Yup, Valentine’s Day is this weekend, but what has it got to do with your workplace? Everything. (Ok, I’m not hinting about dating someone in the office, but if that’s your thing, hey, at least you save on fuel, parking and toll, right?)
Renown relationship counsellor Dr. Gary Chapman, in his #1 New York Times bestseller The 5 Love Languages talk about the five different ways each of us demonstrate love, and in return, like to be loved. You can try the free online assessment here.
I realised it is also applicable to work, because it’s just not how we are being loved, but it’s also how we’re being appreciated.
Let’s go through the five languages of love/appreciation based on the book, and perhaps you’ll find a few new ways on how to communicate and work more effectively with your colleagues.
WORDS OF AFFIRMATION
These are the people who like to receive praise and be recognised verbally. They are sensitive to the words you use to communicate with them, and sometimes a word of encouragement on a moody Monday morning can keep them up for the whole week! If they have done a good job, give them a compliment in writing (leave a post-it note on their monitor screen) or even better, congratulate them in front of their loved ones.
ACTS OF SERVICE
We get overwhelmed at the office easily, with never ending emails and piles of paperwork. Someone who’s love language is Acts of Service finds appreciation when you do things for them, even the little ones like making copies of documents, refilling their coffee, or running an errand for them. No, it’s not about being a doormat, minion or slave to them, but when you do those little gestures, they appreciate you a lot, and it helps in building the working relationship and your daily communication with them.
These people are quite easy to spot. When they come back from a holiday, they often bring gifts. Why? Because they like receiving them! (Oh yeah, you tend to demonstrate your love language to others, because you treat others how you like to be treated) Without going overboard, these colleagues and bosses feel appreciated when you give them a gift, especially when they don’t expect it, and don’t be surprised they decorate their workplace with it. That’s a bonus because they are reminded of your gesture every time they look at it!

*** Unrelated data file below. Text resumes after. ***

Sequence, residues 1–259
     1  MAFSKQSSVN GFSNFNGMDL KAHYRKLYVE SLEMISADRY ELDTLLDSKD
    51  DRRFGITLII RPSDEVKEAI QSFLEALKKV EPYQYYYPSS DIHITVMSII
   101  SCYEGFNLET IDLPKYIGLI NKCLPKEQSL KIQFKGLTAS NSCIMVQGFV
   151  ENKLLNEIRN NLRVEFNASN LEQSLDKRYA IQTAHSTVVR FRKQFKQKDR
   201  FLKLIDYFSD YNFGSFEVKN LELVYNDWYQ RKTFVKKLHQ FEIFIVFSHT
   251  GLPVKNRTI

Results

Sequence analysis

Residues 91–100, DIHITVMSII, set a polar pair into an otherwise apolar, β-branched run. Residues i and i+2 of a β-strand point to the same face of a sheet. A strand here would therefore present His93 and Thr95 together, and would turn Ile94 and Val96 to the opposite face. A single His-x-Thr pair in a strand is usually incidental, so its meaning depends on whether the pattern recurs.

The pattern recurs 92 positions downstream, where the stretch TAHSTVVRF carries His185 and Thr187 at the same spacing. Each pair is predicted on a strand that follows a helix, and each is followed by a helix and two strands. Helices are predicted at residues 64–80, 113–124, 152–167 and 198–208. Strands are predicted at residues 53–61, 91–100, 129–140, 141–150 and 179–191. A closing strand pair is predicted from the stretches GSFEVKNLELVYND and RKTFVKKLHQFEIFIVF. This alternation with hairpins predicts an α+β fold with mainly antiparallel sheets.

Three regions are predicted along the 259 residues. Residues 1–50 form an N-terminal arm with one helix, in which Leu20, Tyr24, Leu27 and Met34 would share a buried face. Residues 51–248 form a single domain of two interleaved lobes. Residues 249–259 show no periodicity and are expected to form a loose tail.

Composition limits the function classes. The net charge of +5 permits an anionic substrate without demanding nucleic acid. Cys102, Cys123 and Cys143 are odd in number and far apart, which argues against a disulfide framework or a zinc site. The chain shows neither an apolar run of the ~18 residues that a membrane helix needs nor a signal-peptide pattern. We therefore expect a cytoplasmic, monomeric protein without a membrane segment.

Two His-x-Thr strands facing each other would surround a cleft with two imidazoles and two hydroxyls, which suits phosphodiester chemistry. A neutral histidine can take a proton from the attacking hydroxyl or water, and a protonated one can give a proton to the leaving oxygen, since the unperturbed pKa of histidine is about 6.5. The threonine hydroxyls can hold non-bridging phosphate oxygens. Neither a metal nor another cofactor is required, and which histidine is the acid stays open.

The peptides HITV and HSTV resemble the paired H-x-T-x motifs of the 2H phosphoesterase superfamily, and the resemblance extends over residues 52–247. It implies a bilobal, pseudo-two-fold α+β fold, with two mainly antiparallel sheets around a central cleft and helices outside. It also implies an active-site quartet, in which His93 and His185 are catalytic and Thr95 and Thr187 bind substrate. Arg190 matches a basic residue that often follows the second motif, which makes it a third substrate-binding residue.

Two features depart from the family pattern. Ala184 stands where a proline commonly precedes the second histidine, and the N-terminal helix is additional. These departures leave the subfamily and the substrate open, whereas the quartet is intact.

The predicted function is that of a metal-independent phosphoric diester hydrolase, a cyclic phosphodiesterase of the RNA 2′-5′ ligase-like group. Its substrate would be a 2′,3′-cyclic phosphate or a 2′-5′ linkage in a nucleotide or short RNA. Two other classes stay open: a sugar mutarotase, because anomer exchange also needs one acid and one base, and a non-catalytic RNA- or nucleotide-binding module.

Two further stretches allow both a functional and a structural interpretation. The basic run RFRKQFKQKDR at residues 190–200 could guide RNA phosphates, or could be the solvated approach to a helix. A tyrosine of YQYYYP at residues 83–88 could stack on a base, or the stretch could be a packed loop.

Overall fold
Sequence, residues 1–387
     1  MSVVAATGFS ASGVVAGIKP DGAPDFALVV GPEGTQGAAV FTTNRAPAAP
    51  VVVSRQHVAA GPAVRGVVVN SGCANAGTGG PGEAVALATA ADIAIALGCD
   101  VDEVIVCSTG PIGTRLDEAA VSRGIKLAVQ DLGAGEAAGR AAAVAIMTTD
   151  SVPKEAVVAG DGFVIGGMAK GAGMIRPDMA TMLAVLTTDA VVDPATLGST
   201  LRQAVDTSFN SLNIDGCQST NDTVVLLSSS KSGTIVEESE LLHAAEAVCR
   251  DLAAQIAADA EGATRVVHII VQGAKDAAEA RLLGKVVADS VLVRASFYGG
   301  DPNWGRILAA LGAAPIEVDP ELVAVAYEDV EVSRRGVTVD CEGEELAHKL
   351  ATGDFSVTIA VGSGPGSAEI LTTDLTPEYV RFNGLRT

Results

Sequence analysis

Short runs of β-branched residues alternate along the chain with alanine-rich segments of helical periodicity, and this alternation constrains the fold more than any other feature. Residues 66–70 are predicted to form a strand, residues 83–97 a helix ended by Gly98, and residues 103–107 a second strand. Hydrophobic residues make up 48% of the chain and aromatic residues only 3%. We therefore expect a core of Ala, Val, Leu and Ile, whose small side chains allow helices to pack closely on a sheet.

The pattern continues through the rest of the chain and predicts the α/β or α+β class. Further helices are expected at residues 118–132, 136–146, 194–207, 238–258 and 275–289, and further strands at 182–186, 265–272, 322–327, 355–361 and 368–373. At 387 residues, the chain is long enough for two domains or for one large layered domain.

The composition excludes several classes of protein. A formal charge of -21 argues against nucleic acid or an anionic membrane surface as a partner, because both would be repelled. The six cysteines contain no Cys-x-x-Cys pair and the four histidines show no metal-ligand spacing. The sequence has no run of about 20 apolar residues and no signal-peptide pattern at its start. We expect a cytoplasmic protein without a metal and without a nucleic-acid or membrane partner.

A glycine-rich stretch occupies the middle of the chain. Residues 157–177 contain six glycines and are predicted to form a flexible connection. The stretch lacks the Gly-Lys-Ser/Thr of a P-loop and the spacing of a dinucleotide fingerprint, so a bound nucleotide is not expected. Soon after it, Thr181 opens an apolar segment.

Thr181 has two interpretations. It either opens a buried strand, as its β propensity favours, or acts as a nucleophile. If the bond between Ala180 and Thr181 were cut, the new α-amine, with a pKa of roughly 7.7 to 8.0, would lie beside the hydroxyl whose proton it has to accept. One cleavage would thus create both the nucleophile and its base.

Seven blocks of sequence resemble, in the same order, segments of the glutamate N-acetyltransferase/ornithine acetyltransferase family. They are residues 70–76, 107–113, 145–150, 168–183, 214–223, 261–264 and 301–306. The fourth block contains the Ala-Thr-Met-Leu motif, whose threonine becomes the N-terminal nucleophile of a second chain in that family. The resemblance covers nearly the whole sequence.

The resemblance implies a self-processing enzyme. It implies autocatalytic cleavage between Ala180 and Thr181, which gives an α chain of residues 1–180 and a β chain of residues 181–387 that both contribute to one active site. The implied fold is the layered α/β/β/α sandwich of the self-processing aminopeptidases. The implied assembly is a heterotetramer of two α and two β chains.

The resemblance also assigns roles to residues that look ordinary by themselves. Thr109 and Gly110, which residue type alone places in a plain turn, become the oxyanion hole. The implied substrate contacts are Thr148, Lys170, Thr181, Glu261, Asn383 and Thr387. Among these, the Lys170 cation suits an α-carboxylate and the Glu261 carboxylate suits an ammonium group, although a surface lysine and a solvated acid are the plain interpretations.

Time is precious, but for the people with this love language, spending time with them means you appreciate them. It can be going to lunch together, or you can borrow from the late Steve Jobs’ iconic long walks, but when you give them your undivided attention, they will feel they meant something more. Put your phone on silent, or even if you have to pick the call, say that you’re in the middle of something and go back to your conversation. Yup, even a carpool to a client’s meeting can be quality time too.
Barring any touches that will lead to a sexual harassment suit, a pat on the back, a hand-shake, or even a “fist-bump” scores points of appreciation to those with this love language. They are often the ones who initiates hugs too, and I find having worked with people from all over, it’s always best for you to return a hug than to start one. A good gesture I often see among influential individuals is during a handshake, they use their other free hand to grab the lower part of the arm. It’s a sign of respect, friendliness, and if it so happens that the person’s love language is Physical Touch, it’s +1 for you!
Yes, as you can see, feeling appreciated at the workplace requires only small gestures and words here and there, and once the person likes you, it makes communication so much easier. If you like these kinds of practical tips on how you can communicate and build better relationships at work, sign up for Richard La Faber’s Power Communications workshop happening in March! You can get more of the details here.